LOWNDES COUNTY, AL (WSFA) - Residents and school administrators offered their condolences to the Lowndes County Sheriff's Department as they cope with the loss of a well-liked and well-respected deputy who worked as a school resource officer.
Deputy Levy Pettway, 61, was killed in an accident while he was on duty Monday on Alabama 21, in Hayneville.
Troopers say the 2001 Ford Crown Victoria Pettway was driving left the roadway just before noon and struck several trees.
"Alabama State Troopers responded to a single vehicle crash on Alabama 21 in Lowndes County in the Hayneville city limits. It was a one vehicle crash involving a Lowndes County sheriff's deputy and unfortunately, that deputy did succumb to his injuries in the crash," said Sgt. Steve Jarrett with the Alabama Law Enforcement Agency.
Pettway had to be cut out of his vehicle. He was pronounced dead a short time later.
It is not clear why his patrol car went off the road or if he was responding to a call at the time of the crash.
"The vehicle did leave the roadway. Troopers are actively investigating the crash and we can't comment on anything at this time until the crash investigation is complete," Jarrett added.
Members of the Lowndes County Sheriff's Department were visibly upset at the scene of the accident. Pettway had been a reserve deputy in Lowndes County for more than 15 years, according to Sheriff John Williams. For the past three years, he worked as the School Resource Officer at The Calhoun School, a local high school.
"We lost one of our best deputies," said Chief Deputy Chris West.
A black wreath was placed on the front door of the department on Monday as a tribute to Pettway.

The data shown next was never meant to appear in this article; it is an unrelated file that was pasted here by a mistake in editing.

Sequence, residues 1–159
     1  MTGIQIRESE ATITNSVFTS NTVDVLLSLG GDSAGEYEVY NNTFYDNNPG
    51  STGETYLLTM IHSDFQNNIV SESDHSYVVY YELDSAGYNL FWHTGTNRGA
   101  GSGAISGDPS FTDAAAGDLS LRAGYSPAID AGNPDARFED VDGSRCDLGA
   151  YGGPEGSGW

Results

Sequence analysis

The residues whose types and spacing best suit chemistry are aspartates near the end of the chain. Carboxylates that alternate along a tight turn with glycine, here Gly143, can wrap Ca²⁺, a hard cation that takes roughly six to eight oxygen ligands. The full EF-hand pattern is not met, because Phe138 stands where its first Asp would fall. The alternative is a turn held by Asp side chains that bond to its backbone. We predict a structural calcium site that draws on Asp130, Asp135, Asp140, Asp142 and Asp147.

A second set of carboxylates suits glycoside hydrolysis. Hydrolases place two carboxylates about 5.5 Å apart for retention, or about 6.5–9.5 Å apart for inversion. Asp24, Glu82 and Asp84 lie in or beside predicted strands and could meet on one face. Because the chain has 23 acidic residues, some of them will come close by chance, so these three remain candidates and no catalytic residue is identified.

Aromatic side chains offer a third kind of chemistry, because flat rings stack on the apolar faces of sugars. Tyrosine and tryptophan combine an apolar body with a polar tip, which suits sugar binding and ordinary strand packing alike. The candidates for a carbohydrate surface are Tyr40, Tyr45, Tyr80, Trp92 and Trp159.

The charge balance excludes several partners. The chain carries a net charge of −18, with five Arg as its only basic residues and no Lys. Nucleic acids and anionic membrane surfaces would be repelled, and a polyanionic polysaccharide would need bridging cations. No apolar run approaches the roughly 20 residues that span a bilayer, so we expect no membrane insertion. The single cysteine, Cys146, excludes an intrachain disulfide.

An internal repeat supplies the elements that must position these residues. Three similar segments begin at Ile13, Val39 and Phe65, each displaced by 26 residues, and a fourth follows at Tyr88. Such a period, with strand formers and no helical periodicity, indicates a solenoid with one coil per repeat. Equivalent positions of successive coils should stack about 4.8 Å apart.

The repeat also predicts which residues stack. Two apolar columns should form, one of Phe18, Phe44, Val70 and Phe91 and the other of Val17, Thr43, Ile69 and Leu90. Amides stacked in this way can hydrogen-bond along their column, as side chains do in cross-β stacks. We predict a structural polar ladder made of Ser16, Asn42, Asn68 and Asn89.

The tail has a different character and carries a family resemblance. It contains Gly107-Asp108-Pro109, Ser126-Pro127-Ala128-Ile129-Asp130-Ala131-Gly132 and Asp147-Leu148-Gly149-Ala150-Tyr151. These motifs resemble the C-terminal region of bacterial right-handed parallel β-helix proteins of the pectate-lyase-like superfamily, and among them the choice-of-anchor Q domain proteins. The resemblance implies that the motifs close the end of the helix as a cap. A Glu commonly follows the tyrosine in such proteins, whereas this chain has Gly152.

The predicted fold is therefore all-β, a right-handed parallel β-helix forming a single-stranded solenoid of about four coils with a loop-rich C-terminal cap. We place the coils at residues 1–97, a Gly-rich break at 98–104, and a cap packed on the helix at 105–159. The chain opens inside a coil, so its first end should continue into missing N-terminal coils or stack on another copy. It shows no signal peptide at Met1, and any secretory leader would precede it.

Nicholas Townsend, principal of The Calhoun School, said the entire student body and staff took the news of Pettway's death very hard.
"He was one of a kind. He can't be replaced. He was kind-hearted, genuine, and honestly loved the students. You can tell by their reactions that they care for him as well. Normally, a security guard or SRO is going to have a separate relationship from his students but he really took time with each student to talk with them each day," Townsend stated.
He pointed out the chair inside the school where Pettway would post up during certain periods of the school day to keep an eye on things, a strategic position that provided him with a clear view of the administration's office and the main hallway where most of the students' classes are, in between his constant patrols of the campus.
"That area there, we plan on setting up a little memorial for him tomorrow where students can leave notes, cards, and flowers," Townsend said.
School officials will be presenting several ideas to the superintendent for approval to create a more permanent memorial to Pettway at Calhoun School.
Law enforcement agencies from across the region expressed sympathy to the Lowndes County Sheriff's Department Monday on social media as news of the deadly crash spread.
Residents echoed that sentiment, offering prayers and support for the department.
Jim Smith knew Deputy Pettway. He heard police sirens while working out in his yard Monday morning and went out to run some errands, coming up on the wreckage.
When he learned that Pettway had been killed, Smith said: "He was a good guy, real helpful to the community. It's a sad loss for our county. I see him around town, occasionally up at the service station, and he'll be missed in the community. We'll miss him a lot."
Pettway was also a local minister. In November 2016, he became the pastor of Mount Ramah Primitive Baptist Church in Prattville. Before that, he served as one of the associate ministers at Beulah Primitive Baptist Church in Hope Hull.
State troopers continue to investigate the crash. Sheriff Williams spent Monday at the hospital with Pettway's family to provide support but stated that he appreciated Pettway for his dedication and years of service to Lowndes County.